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Thread: while we're talking tires...good compromise between gravel and slick?

  1. #151
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    http://terrenetires.com/elwood/

    I've sold a few sets of these now with positive reviews

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    I've been reviewing these Compass Barlow Pass tires on the tire loan thread, but this is probably the better place.

    I discovered the reason that my front tire was losing air slowly. Obviously these sidewalls are not the toughest barriers. Luckily it sealed up fine after shaking the tire a bit. I'm glad I'm not using these with tubes; I have a suspicion that I would have had a few flats in the rear tire by now.

  4. #153
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    Quote Originally Posted by Lt. Dan View Post
    http://terrenetires.com/elwood/

    I've sold a few sets of these now with positive reviews
    I've been tempted. I might try a set of the Light version for my next gravel tires.

  5. #154
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    So I think I'm giving up on the Schwalbe G-Ones and going back to the Clement X'Plor MSOs. I've now gotten large punctures on the rear tire twice in less than 1200 miles, both from riding through gravelly shoulder areas of the road. The one I got yesterday was pretty small, but I think the cold kept it from sealing and the tire went completely flat (it punctured in probably the last half mile of my commute) while sitting in the parking garage. The cold also caused the tire to shrink up when it lost air and my mini pump wasn't powerful enough to get it back on the bead. I'm going to bring the bike home and put a dynaplug in the hole and see how that goes, but I think I'm going to replace these tires with the Clements once they wear out or inevitably puncture again.

    The G-Ones seem great for actual gravel or clean pavement, but they just seem to be too soft to stand up to the type of gravel that tends to accumulate on the shoulders where I spend a decent amount of time during my commute. The Clements seemed much more durable in that regard, at the cost of a small amount of speed.

  6. #155
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    To circle back to this thread, I have been really happy with the Compass Barlow Pass tires for on and off pavement. They definitely do not have as much traction in loose gravel, compared to a G-One Allround (which is not a super grippy tire either), but for the gravel rides I have done around here that is pretty irrelevant for 97% of the time. And they are really fast on pavement. No flats on these in ~2000 miles.

    I picked up a set of lightly used Snoqualmie Pass (44mm) tires on eBay for $80, which seemed perfect to try out. These are actually the extralite casing too. Combined with my new carbon commuter wheels, the setup is both very plush and very light. So I've switched over to these for the summer -- or until I get frustrated by flats etc.

    The extralite casing is definitely harder to setup tubeless (needs more sealant - air just leaks out of the sidewalls until they get coated). But I was glad I had set them up tubeless, as my kids like to leave thumbtacks lying around the basement ...


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  8. #156
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    These tires feel huge!

    After settling in for a couple days, they are holding air fine.

    They feel really nice. Probably those paper-thin sidewalls :-) Do they feel faster than the 38mm Barlow Pass? Not really, no. Do they feel faster than my Specialized Turbo S-Works 28mm tubeless tires? Definitely not.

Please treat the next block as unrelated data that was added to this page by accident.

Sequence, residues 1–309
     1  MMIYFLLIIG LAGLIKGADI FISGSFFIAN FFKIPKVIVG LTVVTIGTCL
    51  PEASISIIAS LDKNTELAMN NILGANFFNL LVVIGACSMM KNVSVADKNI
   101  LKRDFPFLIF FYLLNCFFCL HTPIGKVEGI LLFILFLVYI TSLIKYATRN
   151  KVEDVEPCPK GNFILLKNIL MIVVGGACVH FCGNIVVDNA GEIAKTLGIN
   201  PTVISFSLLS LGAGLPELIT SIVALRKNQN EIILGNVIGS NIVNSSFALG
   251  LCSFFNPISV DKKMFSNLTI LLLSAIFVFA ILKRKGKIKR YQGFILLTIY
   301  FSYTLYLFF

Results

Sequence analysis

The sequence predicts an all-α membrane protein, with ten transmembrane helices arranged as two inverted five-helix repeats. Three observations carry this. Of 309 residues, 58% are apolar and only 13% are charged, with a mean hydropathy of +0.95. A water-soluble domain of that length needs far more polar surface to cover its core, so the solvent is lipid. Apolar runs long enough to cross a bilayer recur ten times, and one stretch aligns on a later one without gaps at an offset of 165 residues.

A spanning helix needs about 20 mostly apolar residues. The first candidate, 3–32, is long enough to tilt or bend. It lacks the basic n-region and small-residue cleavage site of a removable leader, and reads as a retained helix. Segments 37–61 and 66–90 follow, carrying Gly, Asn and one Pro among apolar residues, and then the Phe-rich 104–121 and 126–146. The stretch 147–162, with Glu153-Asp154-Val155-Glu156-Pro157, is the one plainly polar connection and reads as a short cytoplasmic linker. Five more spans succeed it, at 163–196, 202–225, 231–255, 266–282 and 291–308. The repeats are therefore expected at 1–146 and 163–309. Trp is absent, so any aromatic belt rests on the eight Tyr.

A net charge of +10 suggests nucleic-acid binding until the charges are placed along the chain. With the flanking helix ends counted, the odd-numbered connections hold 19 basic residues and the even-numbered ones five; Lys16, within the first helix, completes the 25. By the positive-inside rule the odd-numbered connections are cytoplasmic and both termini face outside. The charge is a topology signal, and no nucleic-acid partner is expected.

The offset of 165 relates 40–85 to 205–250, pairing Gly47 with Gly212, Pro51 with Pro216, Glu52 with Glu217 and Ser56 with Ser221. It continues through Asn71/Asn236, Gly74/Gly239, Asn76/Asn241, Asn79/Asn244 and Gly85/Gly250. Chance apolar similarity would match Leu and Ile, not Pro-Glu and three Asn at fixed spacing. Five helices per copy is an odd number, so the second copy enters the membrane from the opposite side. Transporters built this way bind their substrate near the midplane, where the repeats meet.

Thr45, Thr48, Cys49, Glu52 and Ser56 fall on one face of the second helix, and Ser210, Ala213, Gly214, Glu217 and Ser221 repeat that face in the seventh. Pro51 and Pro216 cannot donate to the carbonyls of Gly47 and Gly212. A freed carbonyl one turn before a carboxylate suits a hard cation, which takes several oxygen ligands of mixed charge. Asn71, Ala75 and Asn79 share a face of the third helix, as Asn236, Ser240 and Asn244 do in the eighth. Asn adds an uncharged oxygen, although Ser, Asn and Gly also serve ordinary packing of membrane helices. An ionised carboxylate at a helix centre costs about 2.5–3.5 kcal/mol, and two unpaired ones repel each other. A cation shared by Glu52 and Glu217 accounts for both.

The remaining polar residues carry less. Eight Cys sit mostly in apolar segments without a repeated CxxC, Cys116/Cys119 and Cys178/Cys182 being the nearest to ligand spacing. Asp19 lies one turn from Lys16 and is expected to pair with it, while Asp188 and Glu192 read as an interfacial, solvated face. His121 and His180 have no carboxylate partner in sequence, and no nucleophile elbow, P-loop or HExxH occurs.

I would say that my impressions, contrary to the current trend-bucking trend, bigger is not faster -- at least beyond a point (with the tires I have tried that point is somewhere around 30mm). But big tires really do make rides fun and the speed penalty feels small in comparison to the added the versatility.

    I am gonna brave some gravel on these -- maybe this weekend.

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  10. #157
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    Quote Originally Posted by hozn View Post
    Combined with my new carbon commuter wheels, the setup is both very plush and very light.
    Carbon commuter wheels you say?

  11. #158
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    Quote Originally Posted by dplasters View Post
    Carbon commuter wheels you say?
    Yessir. Carbon rim prices keep coming down. These are some real box-checkers: 33mm deep, 21mm wide (internal), asymmetric, hookless, tubeless [of course]. These are by Yishun. They built up quite nicely, though their nipple drilling doesn't appear to be angled/offset, which makes some of the spokes enter at a bit of an angle. I might have used 12mm nipples if I'd realized that.

    I've got a set of inexpensive alloy wheels (DT R460db) for spare/winter wheels, but in general now I've become a believer in carbon being a stronger rim (especially hookless). (Which I realize is what people -- and science -- have has been saying for some time.)

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    Quote Originally Posted by hozn View Post

    but in general now I've become a believer in carbon being a stronger rim (especially hookless). (Which I realize is what people -- and science -- have has been saying for some time.)
    My trail bike came stock with carbon rims (and hopes -- woot!). I bent a spoke a few weekends ago (ok, technically I didn't, the 2" stick that got stuck in my wheel did) and I was worried until one of my mechanic friends assured me that with these rims, I could bend five or six spokes and not worry.

    That is a sweet looking bike. Love the yellow and blue.
    Last edited by Tania; Yesterday at 09:52 AM.

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